State by State Guide to Campaign Finance Data

VR Research has prepared a state-by-state guide to researching campaign contributions and expenditures, providing information about and links to campaign finance data in all 50 states. As more states have moved to requiring electronic filing of campaign finance reports, data has become much easier to search, has been indexed to allow many different cuts at the data and is downloadable in several formats. However, the approaches to presenting, indexing and providing access to this data vary widely by state.

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Power Search for California Campaign Contributions

The California Secretary of State in coordination with non-profit MapLight has unveiled a new Power Search tool for accessing California campaign contributions.  Power Search allows users to more readily review candidate and committee contributions and provides an easy interface for looking up individual contributors.  

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Obscure Federal Database of Wine Labels Used to Solve Mysterious Disappearance of Award-Winning Wine

A recent investigation by The Arizona Republic utilized a little-known federal database of wine, beer and spirit labels to help solve the mysterious disappearance of an award-winning wine. The U.S. Department of the Treasury Alcohol and Tobacco Tax and Trade Bureau (TTB) Public COLA Registry (Certificates of Label Approval) allows the public to search for wine, beer and spirit labels applied for by alcoholic beverage manufacturers. 

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Searching Political TV Commercials

Political TV ads from current and past campaigns can be a valuable resource when researching a candidate or campaign.  While YouTube provides a helpful starting point for finding political ads of interest, several advanced search tools are available to find how much candidates spent to buy ad time, as well as archives to find older TV ads not otherwise found online.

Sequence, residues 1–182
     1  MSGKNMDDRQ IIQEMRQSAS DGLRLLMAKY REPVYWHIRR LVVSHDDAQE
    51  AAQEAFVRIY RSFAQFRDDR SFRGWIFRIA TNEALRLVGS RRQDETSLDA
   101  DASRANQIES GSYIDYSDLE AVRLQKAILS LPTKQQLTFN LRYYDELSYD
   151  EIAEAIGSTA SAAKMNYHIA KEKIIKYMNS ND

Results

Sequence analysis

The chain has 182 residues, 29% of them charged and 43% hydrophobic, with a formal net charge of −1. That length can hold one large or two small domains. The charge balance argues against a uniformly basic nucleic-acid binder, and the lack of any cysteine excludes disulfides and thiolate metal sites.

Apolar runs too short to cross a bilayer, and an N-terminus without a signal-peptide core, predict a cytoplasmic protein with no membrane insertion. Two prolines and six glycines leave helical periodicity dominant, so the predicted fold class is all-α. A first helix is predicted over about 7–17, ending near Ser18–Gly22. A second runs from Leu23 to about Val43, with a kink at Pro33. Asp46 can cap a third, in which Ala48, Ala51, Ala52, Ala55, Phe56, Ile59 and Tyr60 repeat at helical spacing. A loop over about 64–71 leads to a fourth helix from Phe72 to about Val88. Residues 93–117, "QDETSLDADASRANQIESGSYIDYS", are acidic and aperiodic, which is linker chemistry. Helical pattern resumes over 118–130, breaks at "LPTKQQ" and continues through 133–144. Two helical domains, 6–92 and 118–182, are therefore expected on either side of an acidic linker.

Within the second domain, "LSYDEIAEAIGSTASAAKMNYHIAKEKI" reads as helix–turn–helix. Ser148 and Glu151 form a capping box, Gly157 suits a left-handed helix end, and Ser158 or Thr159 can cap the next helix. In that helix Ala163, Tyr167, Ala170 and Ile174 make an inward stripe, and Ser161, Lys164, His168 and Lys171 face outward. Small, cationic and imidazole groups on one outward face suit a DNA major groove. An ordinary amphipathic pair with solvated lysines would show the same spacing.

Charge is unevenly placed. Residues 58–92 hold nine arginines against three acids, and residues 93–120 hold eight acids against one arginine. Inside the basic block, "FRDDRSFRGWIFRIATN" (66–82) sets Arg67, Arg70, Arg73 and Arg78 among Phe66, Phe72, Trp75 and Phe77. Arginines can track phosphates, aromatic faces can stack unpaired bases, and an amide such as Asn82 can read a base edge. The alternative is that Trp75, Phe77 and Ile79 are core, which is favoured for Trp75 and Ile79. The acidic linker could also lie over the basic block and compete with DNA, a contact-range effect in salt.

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The Road to Rep. Aaron Schock's Resignation As Told By Public Records

Illinois Rep. Aaron Schock resigned today following a steady drip of revelations about ethical improprieties with his congressional and campaign spending practices.  The news investigations into Rep. Schock over recent weeks provide special insight into a number of public records research strategies and illustrate the value of those records to demonstrate how a public official has problems with wasteful spending of taxpayer dollars.  

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Michigan FOIA Laws Reformed to Improve Access to Public Records

Under a new Michigan law effective July 1, 2015, requestors of public records submitted under Michigan's Freedom of Information Act will be better protected against excessive fees and delays.  The law will improve access to Michigan's public records in several key ways, including:

  • Upon request, agencies must provide records by e-mail or other electronic non-paper formats where possible.  
  • Copy costs for paper documents will be capped at $0.10/page.
  • Public agencies would be subject to increased court-ordered fines if an agency is found to have unlawfully denied, delayed or overcharged for a request.

For more, see the bill text of HB 4001, and this coverage in the Detroit Free Press.  

Public Records Access Outside of the United States

Recent press coverage of ties between a Mexican company with major public works contracts and the administration of President Enrique Pena Nieto demonstrates that public records are useful in many international research applications. Here's a primer on how to find records internationally. 

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Twitter Now Searchable Back to 2006

This week Twitter announced that all public Tweets are now indexed and searchable back to 2006.  Until now, searching on Twitter's interface returned recent results from within about the last week, but searching for older Tweets required using a third-party service, such as Topsy.  While third-party services are still helpful tools for searching deleted Tweets and other advanced analyses, this is a welcome addition to Twitter's use as a research tool.  Read more in this excellent article in Wired, and more about the technical details behind the index on Twitter's Engineering Blog.